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Ask the Wastewater Expert

Daniel L. Theobald

Known in the industry as “Wastewater Dan,” Daniel L. Theobald, proprietor of Environmental Services, is a professional wastewater and safety consultant/trainer. He has more than 24 years of hands-on industry experience operating many variants of wastewater treatment processing units and is eager to share with others his knowledge about water conservation. (

Microorganisms in activated sludge

Someone recently asked, 'What microorganisms are in activated sludge?'
In the activated sludge process, microorganisms are mixed with waste water. The microorganisms come in contact with the biodegradable materials in the wastewater and consume them as food.
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Activated-sludge troubleshooting guidelines

Someone recently asked, “What are some troubleshooting guidelines or procedures for overall process control of activated sludge?”
Someone recently asked, “What are some troubleshooting guidelines or procedures for overall process control of activated sludge?”
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Procedures for overall process control of activated sludge

To control activated sludge, you need to “have a handle” either on aeration, sludge-wasting or return-sludge flow. Aeration-rate adjustment is probably the simplest way to go, says Wastewater Dan. But he briefly reviews all three methods in today’s blog.
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The measurement of suspended solids

Someone recently asked, “What are the procedures for measuring sludge concentrations and amounts? How is sludge quality determined?”
Sludge quality can be determined by measuring the solids concentration in various tanks, by solids inventories or by determining the sludge-return and wasting flow rates.
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How sludge settles is a key performance indicator

Someone recently asked, 'What are some procedures for measuring settle-ability of activated sludge?'
Collecting samples, use of equipment for simulating settle-ability and the interpretation of results are all part of measuring activated-sludge settle-ability.
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For a firm grasp of trends, monitor wastewater treatment ‘look and feel’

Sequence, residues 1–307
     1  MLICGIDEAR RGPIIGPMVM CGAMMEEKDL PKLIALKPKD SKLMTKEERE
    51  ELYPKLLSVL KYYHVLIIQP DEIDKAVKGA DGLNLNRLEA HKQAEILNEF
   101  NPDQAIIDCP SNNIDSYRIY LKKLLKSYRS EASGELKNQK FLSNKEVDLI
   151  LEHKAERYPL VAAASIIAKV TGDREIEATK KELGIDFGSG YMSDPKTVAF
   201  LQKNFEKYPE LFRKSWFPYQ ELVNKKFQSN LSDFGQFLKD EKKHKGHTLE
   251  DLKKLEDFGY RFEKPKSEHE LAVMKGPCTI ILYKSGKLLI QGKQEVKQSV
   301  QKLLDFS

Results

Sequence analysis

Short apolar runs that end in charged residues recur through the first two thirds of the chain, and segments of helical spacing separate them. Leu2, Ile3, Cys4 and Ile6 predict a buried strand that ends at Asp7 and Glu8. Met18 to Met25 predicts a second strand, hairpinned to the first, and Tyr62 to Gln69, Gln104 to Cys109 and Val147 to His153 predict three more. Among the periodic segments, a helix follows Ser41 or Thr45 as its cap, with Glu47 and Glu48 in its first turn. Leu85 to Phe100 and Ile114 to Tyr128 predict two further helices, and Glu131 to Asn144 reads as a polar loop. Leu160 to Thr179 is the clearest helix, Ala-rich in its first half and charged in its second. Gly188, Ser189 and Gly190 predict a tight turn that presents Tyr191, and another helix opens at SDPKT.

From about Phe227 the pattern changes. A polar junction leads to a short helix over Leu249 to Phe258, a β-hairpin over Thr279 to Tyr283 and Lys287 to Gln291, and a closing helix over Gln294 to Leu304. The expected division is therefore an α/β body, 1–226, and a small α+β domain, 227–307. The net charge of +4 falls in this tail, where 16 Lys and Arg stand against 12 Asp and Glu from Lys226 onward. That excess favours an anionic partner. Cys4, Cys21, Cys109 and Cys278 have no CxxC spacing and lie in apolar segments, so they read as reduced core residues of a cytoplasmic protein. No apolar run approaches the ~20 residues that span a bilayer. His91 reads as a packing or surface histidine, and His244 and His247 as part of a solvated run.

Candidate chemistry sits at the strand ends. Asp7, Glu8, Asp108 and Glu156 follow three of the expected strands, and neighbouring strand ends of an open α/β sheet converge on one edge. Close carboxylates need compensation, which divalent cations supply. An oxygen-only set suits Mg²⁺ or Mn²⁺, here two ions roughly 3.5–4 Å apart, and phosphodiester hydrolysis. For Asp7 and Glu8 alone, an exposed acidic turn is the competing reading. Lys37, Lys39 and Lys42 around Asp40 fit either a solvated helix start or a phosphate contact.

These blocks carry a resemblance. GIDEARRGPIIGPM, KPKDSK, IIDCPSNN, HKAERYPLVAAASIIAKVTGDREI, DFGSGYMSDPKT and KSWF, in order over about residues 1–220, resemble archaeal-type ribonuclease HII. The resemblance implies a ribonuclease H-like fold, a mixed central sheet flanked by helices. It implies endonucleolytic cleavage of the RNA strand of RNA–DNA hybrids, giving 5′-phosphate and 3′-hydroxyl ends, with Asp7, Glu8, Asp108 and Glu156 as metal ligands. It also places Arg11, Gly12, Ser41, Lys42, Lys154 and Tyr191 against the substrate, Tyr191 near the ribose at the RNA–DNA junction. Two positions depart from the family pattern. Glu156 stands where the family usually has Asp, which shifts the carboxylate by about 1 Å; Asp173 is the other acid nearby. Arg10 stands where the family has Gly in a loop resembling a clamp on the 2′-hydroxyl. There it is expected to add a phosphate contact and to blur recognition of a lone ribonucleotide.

Someone asks, 'What are the parameters relevant to visual and olfactory observation of activated sludge?'
Activated sludge is a biological wastewater treatment that speeds waste decomposition. It is added to wastewater and the mixture, referred to as “mixed liquor,” is aerated and agitated. Subsequently held in a tank, the mixture settles out by sedimentation and is disposed of, i.e., as they say, “wasted,” or returned to the aeration tank as needed. The remaining wastewater then undergoes further treatment.
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Getting back to basics: What is pH?

The most used measure in wastewater treatment, and for good reasons
The “potential of hydrogen” or “pH” is the measure of free hydrogen activity in water and thereby indicative of the measure of its free acidity or free alkalinity. Gauged on a numeric scale of 0-14, solutions with a pH of less than 7.0 are acids. Solutions with a pH greater than 7.0 are bases and solutions with a pH of 7.0 are neutral.
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Batch and continuous pH control compared and contrasted

Someone recently asked, “What are process controls for adjusting and maintaining pH during wastewater treatment?”
The pH is one of the most important and frequently used measurements in wastewater treatment. Dependence of pH occurs in practically every phase of water supply and wastewater treatment, e.g., acid-base neutralization, water softening, precipitation, coagulation, disinfection and corrosion control.
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